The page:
As for the Kindle edition, there were a couple of unclosed quotation marks and some spacing issues where some words ran together, but they were minor and probably just due to the formatting or programming that goes into conversion. Not a big deal.
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1 of 1 people found the following review helpful
on January 7, 2009
Format: Hardcover
The phone fell from her hand and crashed to the floor with a thud ... so did her heart. The phone wasn't hurt, but her heart? That was a different story. It was her first pregnancy, and the ultrasound had shown the presence of a suspicious mass in the brain of her unborn child; a gigantic, fluid-filled cyst. The fact that the cyst was benign and repairable was a temporary comfort to her, but shortly after the birth of her son and his first surgery, she received the second blow to her heart ... he was blind. Her heart sank, and her hopes for her son's future were crushed. The third blow was delivered only a short time later ... he was autistic. How could it be that her innocent son should have to live with such horrible limitations in his life? He had done nothing to deserve this.

In the newly released book, REX: A Mother, Her Autistic Child, And The Music That Transformed Their Lives, Cathleen Lewis writes of the struggles and fears she and her son face while trying to accomplish even the most basic tasks of life. Suddenly, from the depths of his multiple challenges, there emerges a peculiar strength, an extraordinary gift ... Rex has been given a rare and wonderful musical ability!

In reading Cathleen's story of her great need and God's great provisions, I saw faith and trust beautifully expressed. She summed it up well in this quote near the end of the book:

"He [God] was telling me to look past my own mind, and just trust. Hear my voice in the music. Hear each note. Don't worry about where it's going. Just hear the sound and know that it's beautiful ... and know that I am God. Trust."

I've been encouraged by this true account told from a mother's heart. If you're interested in learning more about Rex's story and his music, be sure to watch the 7.5 min video interview with Cathleen, the mother of this astounding child.
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1 of 1 people found the following review helpful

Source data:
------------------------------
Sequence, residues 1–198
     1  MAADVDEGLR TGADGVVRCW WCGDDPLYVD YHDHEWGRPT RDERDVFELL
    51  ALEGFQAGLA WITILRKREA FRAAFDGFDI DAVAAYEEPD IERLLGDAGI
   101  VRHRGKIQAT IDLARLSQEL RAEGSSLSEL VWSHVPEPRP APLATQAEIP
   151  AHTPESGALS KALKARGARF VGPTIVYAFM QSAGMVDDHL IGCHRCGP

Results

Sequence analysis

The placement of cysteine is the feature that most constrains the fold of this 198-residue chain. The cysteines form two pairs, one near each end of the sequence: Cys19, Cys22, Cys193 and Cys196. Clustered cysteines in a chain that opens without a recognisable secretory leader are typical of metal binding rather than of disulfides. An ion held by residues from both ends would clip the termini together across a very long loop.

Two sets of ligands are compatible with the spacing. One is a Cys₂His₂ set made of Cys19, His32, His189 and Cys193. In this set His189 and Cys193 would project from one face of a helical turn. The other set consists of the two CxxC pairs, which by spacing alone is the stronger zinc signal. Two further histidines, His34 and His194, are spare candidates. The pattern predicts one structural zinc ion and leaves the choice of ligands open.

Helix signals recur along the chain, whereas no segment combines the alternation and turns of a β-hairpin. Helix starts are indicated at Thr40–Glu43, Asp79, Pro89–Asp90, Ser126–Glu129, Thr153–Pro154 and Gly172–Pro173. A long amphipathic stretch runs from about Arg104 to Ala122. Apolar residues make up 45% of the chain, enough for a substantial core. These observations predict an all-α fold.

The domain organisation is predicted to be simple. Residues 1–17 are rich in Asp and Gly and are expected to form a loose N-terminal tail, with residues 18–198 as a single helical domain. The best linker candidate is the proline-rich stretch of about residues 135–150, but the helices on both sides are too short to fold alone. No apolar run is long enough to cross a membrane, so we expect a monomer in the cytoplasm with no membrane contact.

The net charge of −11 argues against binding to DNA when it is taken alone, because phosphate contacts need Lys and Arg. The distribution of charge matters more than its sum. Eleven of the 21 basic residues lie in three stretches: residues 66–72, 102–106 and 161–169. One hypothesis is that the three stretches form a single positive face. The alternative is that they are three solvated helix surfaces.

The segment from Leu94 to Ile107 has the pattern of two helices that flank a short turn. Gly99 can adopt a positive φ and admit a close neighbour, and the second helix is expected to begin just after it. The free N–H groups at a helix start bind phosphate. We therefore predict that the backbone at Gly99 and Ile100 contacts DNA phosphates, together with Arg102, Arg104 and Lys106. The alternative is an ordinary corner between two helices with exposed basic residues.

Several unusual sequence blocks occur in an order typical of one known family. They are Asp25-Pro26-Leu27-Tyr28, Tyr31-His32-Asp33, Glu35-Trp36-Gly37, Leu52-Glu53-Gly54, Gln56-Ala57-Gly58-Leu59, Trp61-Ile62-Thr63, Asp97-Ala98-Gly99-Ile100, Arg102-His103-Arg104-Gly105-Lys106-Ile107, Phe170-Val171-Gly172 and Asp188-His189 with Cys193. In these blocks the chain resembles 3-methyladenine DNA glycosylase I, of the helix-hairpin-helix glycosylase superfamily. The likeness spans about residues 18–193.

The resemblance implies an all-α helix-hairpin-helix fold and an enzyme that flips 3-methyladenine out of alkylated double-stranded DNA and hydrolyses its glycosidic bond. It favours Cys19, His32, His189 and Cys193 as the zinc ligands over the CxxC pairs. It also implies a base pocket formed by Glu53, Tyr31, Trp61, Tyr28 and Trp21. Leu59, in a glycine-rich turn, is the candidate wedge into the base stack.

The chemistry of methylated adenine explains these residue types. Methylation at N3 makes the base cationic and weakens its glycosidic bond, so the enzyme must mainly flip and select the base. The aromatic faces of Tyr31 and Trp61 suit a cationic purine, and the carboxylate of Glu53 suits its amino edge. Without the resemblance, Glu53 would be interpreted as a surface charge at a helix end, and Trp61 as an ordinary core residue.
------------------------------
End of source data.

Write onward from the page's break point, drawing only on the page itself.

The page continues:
on September 16, 2011
Format: Kindle EditionVerified Purchase
I read this book in about 5 hours taking two days. I found it to be a very interesting book and I enjoyed reading it. I didn't agree with a few things Cathleen did, but then I haven't walked in her shoes either with a boy that requires 24/7 care.

As an older mother, Cathleen had an adorable baby boy, Rex, who was born with a cyst in his brain. Then, when Rex was six months old, his parents learned he was blind. After another surgery, at the age of 1 year, to put a tube into the brain cyst, Rex became quite different and Cathleen learned he was autistic (until the surgery, he had seemed to be a normal blind child--right after the surgery, he became autistic. Did the surgery cause the autism, or was it a coincidence? That seemed to never be addressed). Then when Rex was two, his Dad left the family, so Cathleen became a single mom with lots of problems to cope with. HOWEVER, I consider that Rex was pretty lucky, as his mother was able to take full time care of him. She noticed that music calmed him, and then later found out that he could just hear a piece of music, and play it on a small piano. The became his way of communicating with people and learning things at school. In the meantime, Cathleen learned that God is always there but doesn't always answer the way we want him to--she changed her outlook on religion completely.

This was, to me, a fastinating book partly because I have always been interested in genius savants. It seems amazing what they can do--way beyond the normal. This account of Rex goes from just before he was born to when he was about the age of 12. If possible, I would like to know how much he develops past this age and what his life is like as a young adult.